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I first properly came across Patricia Butenis at a Boxing Day dinner given by Paul Carter.

One reason I will not make a successful politician is that I have far too much interest in human nature. I find people fascinating and, when they are slightly unusual, I enjoy trying to understand what makes them tick, and how they perform in different situations, in comparison with others. Comparing their vision of their goals with what seem the actual goals, as well as the impression they try to create of those goals, is most illuminating.

I first properly came across Patricia Butenis at a Boxing Day dinner given by Paul Carter. If I recollect aright, I was the only one there from government, being Secretary at the time to the Ministry of Disaster Management and Human Rights, and having appreciated the introduction Carter had given me to the State Department Report on possible war crimes.

I spent much time talking to someone from Carter’s office who enlightened me on what seemed a strange association with the JVP. This came to mind later when I read the attack in 2011 on S B Dissanayake in the US Human Rights Report, which Carter had doubtless prepared. I was then about to leave early, when I noticed Mr

Mr Sambandhan was out in the garden, closeted with Ms Butenis and with the EU Ambassador Bernard Savage, and as I approached them, I realized I was not wanted.

Sambandhan come in, and I thought I should wish him, since I have known him for longer almost than anyone else in active politics, since meeting him in my father’s rooms in Parliament in the late seventies.

He was out in the garden, closeted with Ms Butenis and with the EU Ambassador Bernard Savage, and as I approached them, I realized I was not wanted. Ms Butenis was barely polite, and Sambandhan perfunctory, but Savage I should note was very gracious, and did his best to make me feel not unwanted, though I realized I should leave as soon as it was possible to do so without being awkward.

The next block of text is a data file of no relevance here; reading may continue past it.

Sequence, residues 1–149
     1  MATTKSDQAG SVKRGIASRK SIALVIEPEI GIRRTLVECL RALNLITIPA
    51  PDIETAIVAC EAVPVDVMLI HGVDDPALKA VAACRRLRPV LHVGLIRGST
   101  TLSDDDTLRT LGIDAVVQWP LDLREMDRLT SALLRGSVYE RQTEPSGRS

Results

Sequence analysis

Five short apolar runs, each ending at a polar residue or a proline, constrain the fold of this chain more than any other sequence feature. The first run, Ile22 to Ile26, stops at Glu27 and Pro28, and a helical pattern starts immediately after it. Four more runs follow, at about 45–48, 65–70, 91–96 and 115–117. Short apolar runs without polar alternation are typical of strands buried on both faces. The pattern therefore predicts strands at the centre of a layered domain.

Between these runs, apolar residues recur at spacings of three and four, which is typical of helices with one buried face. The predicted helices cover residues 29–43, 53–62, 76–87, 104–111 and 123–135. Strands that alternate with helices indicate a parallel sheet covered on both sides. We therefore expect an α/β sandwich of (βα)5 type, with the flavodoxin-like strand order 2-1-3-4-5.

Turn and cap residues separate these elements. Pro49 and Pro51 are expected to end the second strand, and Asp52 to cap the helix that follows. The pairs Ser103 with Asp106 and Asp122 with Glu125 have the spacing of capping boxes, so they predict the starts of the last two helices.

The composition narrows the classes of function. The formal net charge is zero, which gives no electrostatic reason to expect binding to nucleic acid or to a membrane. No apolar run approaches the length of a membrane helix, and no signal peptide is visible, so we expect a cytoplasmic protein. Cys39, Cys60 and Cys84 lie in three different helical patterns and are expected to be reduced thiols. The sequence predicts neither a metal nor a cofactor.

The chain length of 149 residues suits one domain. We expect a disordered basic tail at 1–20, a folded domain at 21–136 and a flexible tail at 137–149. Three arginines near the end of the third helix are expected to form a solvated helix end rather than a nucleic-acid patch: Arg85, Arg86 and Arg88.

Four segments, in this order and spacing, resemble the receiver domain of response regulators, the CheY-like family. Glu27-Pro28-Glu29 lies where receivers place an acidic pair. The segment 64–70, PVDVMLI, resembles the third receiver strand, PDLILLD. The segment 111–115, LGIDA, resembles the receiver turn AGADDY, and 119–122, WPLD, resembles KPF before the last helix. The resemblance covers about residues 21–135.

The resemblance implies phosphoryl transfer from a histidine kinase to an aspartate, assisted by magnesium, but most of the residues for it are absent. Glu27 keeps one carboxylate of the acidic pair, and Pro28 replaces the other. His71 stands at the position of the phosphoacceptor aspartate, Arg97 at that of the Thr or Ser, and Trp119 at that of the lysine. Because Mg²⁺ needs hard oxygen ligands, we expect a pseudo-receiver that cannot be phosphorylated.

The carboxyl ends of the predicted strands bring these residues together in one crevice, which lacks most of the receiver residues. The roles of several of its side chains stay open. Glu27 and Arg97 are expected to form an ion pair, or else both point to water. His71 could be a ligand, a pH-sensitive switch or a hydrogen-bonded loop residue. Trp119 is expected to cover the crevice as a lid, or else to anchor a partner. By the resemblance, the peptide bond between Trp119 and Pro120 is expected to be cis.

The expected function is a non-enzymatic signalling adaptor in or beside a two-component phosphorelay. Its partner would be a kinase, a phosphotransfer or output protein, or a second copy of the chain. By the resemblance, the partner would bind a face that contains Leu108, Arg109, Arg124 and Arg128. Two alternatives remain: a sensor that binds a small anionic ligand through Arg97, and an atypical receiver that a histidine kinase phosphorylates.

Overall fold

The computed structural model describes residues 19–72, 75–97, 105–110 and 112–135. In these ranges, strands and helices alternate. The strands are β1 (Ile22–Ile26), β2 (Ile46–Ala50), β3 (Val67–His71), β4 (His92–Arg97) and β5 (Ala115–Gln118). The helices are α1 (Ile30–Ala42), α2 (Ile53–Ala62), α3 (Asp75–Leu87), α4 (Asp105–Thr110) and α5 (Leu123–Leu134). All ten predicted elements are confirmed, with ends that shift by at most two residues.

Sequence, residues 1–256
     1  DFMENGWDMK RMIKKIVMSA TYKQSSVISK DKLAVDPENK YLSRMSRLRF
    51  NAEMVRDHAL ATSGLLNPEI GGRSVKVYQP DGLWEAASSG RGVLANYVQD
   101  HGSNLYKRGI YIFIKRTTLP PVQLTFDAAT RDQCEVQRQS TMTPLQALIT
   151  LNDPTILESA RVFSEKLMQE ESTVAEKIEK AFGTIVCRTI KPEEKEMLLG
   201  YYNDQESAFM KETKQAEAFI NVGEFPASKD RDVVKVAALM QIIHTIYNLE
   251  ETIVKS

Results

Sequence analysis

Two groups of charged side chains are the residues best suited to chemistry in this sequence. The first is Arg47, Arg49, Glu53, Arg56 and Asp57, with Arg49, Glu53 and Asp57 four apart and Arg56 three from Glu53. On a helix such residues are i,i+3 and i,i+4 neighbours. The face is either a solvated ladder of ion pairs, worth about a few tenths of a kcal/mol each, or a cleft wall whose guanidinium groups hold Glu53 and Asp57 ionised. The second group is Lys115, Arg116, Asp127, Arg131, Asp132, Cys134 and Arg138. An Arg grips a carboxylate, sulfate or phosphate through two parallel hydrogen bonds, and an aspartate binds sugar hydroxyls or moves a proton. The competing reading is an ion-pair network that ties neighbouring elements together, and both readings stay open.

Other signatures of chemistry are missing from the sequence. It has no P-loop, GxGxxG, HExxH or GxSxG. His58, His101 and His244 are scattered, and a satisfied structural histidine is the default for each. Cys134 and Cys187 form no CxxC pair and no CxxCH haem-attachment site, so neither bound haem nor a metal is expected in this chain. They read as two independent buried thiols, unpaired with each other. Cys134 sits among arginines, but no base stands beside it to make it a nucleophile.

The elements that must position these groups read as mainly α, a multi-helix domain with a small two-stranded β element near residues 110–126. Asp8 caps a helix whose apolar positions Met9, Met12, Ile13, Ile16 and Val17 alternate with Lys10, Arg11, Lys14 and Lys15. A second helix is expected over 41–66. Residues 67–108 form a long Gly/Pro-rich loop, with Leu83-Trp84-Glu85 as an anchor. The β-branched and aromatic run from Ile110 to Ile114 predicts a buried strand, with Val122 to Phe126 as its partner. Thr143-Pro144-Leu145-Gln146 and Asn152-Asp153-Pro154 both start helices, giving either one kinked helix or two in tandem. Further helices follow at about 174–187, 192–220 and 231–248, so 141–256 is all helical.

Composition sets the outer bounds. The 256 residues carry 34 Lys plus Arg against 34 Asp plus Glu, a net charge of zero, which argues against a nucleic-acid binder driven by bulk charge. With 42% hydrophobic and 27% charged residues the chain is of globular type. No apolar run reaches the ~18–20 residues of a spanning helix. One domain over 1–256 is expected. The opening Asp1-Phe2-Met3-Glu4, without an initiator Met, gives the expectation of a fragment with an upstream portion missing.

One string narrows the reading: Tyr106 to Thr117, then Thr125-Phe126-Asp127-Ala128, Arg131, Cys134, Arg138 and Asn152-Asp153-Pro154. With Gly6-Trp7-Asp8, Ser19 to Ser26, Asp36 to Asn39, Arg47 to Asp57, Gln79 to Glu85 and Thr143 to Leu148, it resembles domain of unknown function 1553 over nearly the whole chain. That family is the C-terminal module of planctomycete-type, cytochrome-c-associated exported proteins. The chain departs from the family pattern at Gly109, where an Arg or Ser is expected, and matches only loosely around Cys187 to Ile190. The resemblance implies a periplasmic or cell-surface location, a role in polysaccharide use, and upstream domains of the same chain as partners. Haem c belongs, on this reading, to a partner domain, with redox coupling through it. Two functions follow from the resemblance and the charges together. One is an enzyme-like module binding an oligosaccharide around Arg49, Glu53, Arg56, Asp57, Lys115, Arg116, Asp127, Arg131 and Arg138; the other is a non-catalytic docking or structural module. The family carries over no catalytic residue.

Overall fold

I know I have a suspicious mind, but I was not surprised then when the TNA endorsed Sarath Fonseka, nor when Bernard Savage made an idiotic rejoinder to a query about Western support for Fonseka in

I was not surprised then when the TNA endorsed Sarath Fonseka

which he made his predilections clear, in suggesting that Fonseka’s candidature was on a par with that of General Eisenhower. I should add that, when later I remonstrated with Westerners about their support of General Fonseka, the Europeans in general made it clear that they had found him unpalatable, whereas the British, while asserting neutrality, indicated that they would not attempt to defend the Savage approach.

Still, I believe Ms Butenis realized that Sri Lanka was not quite as she had imagined it when she was sent here, and over the next year we worked together very well, since she like some other missions supported my efforts to bring together politicians of different parties to discuss issues in a social setting. I was surprised to realize that such gatherings were not common, and I believe my colleagues all found them interesting and productive, and the heads of mission concerned also seemed pleased that we could discuss things in a friendly manner. Read the rest of this entry »

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Rajiva Wijesinha

June 2019
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